Lawmakers Change Chicken Cage Law | Local News
BOSTON – Lawmakers are set to change a 2016 voter-approved law requiring larger pens for laying hens by reducing the size of their barns.
The Senate agreed last week to reduce the voter-approved requirement of at least 1.5 square feet per bird to just 1 square foot for large “aviary systems.” The proposed update is before the House of Representatives, which may take action this week.
Question 3 of the 2016 poll, which banned shelled eggs, veal and other meats produced by caged farm animals, was approved by more than 77% of voters.
But egg farmers say its limits are tighter than what other states require and would lead to egg shortages and higher prices in Massachusetts when the law goes into effect next January.
Most animal welfare groups agree with the update, which includes “improvements” to improve the welfare of laying hens used to supply retail markets.
Stephanie Harris, a lobbyist for the Animal Legal Defense Fund, said the changes would be a significant improvement over the current law.
“It will greatly improve the lives of these laying hens,” said Harris, who worked on the Yes on 3 campaign. “They will be able to adopt vital natural behaviors such as perching, scratching and laying eggs in a nest, which regardless of the type of enclosure. “
The 1.5 square foot dimensions would still be required for egg farms that strictly use cages. But the limit would be reduced for cage-less aviary systems, which allow birds to roam.
A poll conducted by the group, released on Monday, shows broad support for updating the law. At least 68% of the roughly 2,000 likely voters polled supported the law changes, Harris said.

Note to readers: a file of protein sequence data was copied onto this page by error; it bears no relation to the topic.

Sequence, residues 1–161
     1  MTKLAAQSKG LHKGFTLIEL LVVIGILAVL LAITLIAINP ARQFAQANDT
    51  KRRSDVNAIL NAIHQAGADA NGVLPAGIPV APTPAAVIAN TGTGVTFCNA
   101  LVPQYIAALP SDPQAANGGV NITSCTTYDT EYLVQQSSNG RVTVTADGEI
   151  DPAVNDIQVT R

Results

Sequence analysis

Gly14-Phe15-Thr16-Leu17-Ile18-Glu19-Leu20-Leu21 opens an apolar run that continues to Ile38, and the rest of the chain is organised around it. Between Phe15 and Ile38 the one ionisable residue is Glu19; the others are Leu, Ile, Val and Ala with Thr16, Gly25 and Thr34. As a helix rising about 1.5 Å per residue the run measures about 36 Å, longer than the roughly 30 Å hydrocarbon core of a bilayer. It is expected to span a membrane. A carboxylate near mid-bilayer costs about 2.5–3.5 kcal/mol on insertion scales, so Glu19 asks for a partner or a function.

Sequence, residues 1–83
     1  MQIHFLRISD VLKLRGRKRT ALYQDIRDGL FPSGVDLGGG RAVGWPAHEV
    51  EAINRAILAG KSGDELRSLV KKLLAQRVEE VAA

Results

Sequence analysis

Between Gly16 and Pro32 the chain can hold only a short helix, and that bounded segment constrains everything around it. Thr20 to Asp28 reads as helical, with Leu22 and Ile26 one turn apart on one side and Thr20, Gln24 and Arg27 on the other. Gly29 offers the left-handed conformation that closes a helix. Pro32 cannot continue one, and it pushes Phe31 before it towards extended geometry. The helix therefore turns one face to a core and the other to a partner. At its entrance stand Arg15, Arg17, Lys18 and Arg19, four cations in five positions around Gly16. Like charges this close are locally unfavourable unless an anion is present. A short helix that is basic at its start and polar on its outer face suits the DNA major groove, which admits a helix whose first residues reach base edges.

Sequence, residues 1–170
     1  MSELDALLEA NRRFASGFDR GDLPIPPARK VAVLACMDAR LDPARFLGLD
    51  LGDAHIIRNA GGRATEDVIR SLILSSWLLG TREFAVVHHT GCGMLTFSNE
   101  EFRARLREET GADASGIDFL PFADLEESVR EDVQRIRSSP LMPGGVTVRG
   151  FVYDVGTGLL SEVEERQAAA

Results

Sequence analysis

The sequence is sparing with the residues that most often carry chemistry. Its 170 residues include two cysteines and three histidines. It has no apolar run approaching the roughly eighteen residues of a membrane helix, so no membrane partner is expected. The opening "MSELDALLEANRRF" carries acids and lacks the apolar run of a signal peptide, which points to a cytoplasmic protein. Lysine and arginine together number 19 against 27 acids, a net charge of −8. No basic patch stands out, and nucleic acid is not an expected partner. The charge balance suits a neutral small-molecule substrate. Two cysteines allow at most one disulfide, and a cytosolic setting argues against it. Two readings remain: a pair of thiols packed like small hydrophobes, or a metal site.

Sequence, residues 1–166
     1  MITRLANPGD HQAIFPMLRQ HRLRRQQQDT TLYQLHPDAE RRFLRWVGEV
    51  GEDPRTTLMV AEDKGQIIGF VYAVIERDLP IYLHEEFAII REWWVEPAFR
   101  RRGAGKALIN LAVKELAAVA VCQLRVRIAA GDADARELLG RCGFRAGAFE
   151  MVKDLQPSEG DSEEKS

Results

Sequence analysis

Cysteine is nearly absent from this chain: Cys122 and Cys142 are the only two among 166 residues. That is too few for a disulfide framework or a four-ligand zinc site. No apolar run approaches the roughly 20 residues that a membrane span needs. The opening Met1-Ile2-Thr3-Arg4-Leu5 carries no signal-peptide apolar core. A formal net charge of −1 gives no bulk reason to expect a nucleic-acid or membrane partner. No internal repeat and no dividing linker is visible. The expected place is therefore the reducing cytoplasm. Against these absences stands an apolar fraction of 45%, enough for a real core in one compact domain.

Granted, Massachusetts is not home to many large-scale egg and pork farms. Most of the products sold here come from other states. But the 2016 referendum also applies to products sent to Massachusetts.
Some groups, such as the Massachusetts Farm Bureau Federation, have pushed the state to enforce the law as approved. They say some egg farms have already made expensive changes to comply.
Attorney General Maura Healey’s office recently released draft regulations for the law, which largely keeps the voter approved plan intact. Healey’s office is accepting public testimony on the proposal until August.
But these regulations should be updated before the law goes into effect, to reflect changes in speaker size and other adjustments.
Of course, not everyone is happy that the legislation is finally progressing.
A California animal welfare group that sued the state last year to force implementation of the law said the changes would result in “cruel” conditions.
“By using deceptive fear-mongering tactics and threatening price hikes, the egg industry is essentially engaged in extortion,” said Brad Miller, national director of the Humane Farming Association, in a statement. “By succumbing to this egg industry tactic, the Massachusetts Senate is clearly subverting the will of the voters.”
Christian M. Wade covers the Massachusetts Statehouse for The Salem News and its sister newspapers and websites. Email him at [email protected]